A first year Marsh Harrier was over Oxford/Windsor Roads on 8th August. And a Barn Owl was roosting in a newly erected raptor nest box on the NIAB’s trials ground in our project area. A Little Egret was around Coe Fen throughout the month.

On 15th August there was a widespread arrival of Pied Flycatchers along the Norfolk and Suffolk coasts with 152 reported in Suffolk including 30 in the Southwold area. Few were recorded inland and the only local record was one at the Cambridge Research Park near Landbeach (Jon and David Heath) on 28th August outside our project area.

On August 24th a Chiffchaff was singing in a large garden in Huntingdon Road and in Logan’s Meadow on 24th August 3-4 Blackcaps were eating elder berries and a tit flock had 2-3 Chiffchaffs, 1 Willow Warbler, 1 Treecreeper; nearby 2 Whitethroats and a Reed Warbler were in bushes around the stream. A tit flock hit my garden on 27th with at least one Chiff and a female Blackcap was eating my Honeysuckle berries on 28th. Chiffs were widespread across the City. It’s always worth looking through a Long-tailed Tit flock for other species carried along in the hullabaloo! A second? brood of Blackbirds were feeding on Rose hips and a flock of adult and juvenile Starlings were stripping a blackberry bush in Logan’s Meadow in late August.

On several late afternoons I’ve seen Water Voles along the edges of the pools in Logan’s Meadow. Each time they seem to become more confiding. Early one evening an adult Fox ducked back into the long grass – I was surprised to see a fox here during the day because of the number of off–the-lead dogs being walked. A young fox ran down Longworth Avenue into St Andrews Road in the (very!) early hours on 31st as a Tawny Owl was calling near the riverside boat houses.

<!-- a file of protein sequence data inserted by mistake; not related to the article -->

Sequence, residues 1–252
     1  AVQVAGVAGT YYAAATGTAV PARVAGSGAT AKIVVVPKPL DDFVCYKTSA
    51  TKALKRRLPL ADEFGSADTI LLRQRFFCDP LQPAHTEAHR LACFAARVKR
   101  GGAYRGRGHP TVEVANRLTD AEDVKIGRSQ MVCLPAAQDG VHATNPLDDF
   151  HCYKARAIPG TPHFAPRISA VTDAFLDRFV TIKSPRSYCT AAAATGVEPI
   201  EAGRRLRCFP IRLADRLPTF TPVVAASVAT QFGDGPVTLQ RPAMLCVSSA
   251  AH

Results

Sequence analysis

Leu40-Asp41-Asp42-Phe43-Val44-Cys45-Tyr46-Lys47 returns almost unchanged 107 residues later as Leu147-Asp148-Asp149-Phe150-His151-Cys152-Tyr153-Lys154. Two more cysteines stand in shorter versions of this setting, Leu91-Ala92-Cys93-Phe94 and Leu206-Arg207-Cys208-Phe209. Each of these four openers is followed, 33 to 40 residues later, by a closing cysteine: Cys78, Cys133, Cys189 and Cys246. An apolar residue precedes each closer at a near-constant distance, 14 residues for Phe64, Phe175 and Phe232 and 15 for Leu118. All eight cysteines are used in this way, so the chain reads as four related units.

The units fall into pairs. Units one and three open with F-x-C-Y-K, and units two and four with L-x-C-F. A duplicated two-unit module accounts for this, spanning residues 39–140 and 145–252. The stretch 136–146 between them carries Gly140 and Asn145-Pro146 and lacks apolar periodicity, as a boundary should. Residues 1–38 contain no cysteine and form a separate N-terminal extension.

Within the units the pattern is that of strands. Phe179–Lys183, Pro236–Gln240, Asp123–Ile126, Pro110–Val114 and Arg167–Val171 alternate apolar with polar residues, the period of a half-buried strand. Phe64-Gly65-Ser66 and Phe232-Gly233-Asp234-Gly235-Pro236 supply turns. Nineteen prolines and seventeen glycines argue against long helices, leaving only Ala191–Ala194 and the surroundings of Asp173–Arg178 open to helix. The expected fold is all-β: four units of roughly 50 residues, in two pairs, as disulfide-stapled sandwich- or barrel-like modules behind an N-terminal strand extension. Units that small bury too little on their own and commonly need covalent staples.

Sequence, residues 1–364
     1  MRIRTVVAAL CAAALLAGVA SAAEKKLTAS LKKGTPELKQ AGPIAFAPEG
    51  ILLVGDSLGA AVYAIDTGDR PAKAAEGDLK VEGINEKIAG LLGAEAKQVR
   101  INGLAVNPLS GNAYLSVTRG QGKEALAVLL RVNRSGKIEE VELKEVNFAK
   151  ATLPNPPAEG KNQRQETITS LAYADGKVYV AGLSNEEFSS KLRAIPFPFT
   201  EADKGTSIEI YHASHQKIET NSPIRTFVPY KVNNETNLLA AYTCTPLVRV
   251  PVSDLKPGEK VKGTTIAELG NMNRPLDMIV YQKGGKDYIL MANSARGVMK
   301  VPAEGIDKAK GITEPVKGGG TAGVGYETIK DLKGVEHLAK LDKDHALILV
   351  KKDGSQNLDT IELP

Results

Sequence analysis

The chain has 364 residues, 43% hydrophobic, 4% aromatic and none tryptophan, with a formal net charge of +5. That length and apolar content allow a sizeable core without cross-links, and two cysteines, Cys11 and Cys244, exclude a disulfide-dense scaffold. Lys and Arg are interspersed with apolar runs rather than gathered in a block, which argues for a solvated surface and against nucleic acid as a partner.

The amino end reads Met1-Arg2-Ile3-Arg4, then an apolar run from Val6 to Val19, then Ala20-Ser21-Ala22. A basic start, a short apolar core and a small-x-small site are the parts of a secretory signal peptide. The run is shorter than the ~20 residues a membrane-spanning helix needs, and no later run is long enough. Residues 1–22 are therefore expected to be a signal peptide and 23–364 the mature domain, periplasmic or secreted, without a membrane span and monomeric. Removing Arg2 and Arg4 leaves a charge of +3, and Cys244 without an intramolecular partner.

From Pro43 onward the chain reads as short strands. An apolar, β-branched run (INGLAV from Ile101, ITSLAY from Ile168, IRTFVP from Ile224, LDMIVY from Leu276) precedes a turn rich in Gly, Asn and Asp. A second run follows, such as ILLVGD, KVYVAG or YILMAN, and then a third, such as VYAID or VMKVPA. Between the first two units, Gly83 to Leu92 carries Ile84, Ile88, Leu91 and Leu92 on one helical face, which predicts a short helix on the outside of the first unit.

The 1851 census (year of the Great Exhibition) was the first census to record that urban populations outnumbered rural populations. Towns and cities have become vital in our conservation of wildlife as draft papers to our project are demonstrating and our NatHistCam story will tell.

Bob Jarman 9th September 2020

August sightings 2020

This month’s specials

August – a month of comings and (mostly) goings: the city has been full of migrants going south. Aggregations of Swifts, House Martins and Swallows have been reported, with swifts even up to the end of the month.  On two occasions, Jeff noted a single Noctule Bat feeding with the flock of swifts and martins.  He also reported a Common Redstart female along Barton Road, a Spotted Flycatcher and a Whinchat in Newnham.

Tawny Owls have begun calling again in Newnham (Pam), Jesus College (Rhona) and around Histon Road Cemetery (Lesley). Corvids have been coming together in Newnham as well, about 30 Jackdaws and a few Rooks in the evening. The mass arrival of these wonderful birds always signals the end of summer for me. Peregrines (Ben) and Sparrowhawks (Eve) have also been reported. Rhona sent a picture of a baby Stock Dove – one of Jesus’s many residents.

Trumpington Meadows continues to excel. As well as the Small Blue and Small Heath Butterflies, there have been several Clouded Yellow Butterflies there (Mo). Also carried on the warm southerly winds were day-flying Jersey Tiger Moths (Paul).  Gypsy Moths which had been extinct in East Anglia since the early 1900s, are turning up again in small numbers (Paul).

Duncan reports the transition from summer Odonata species to the start of the autumn ones. For the most part, Emperors and Black Tailed Skimmers have gone and Ruddy and Common Darters and Migrant Hawkers have arrived, together with Willow Emeralds. At the start of August there was a huge influx of Lesser Emperors and Southern Migrant Hawkers. Jeff also had a good number of sightings of damselflies and dragonflies, including a few Small Red-eyed Damselflies at Thompsons Park, together with a Black Tailed Skimmer.

 Rhona reports a Seed Beetle Bruchidius siliquastri which is fairly new to Britain. Another probable Cambridge first is the Hot Bed Bug Xylocoris galactinus (!) found in a (very hot) compost bin (Paul) (above). These are tiny predatory plant bugs that like compost.  Other contributions from Paul are a ménage à trois : mating Speckled Bush Crickets with a second male who tried to butt in, but was a bit too late. Then a stunning and quite scarce Gall Fly Merzomyia westermanni found on its food plant, ragwort, at East Barnwell NR and a Blue Shieldbug at Byron’s Pool. He also reports a couple of Spiders from his now famous garden: a Comb-footed Cellar Spider Nesticus cellulanus and a small orb web spider Gibbaranea gibbosa. While neither are particularly rare, these are new records for Cambridge, which is under-recorded for spiders (anyone want a project?!)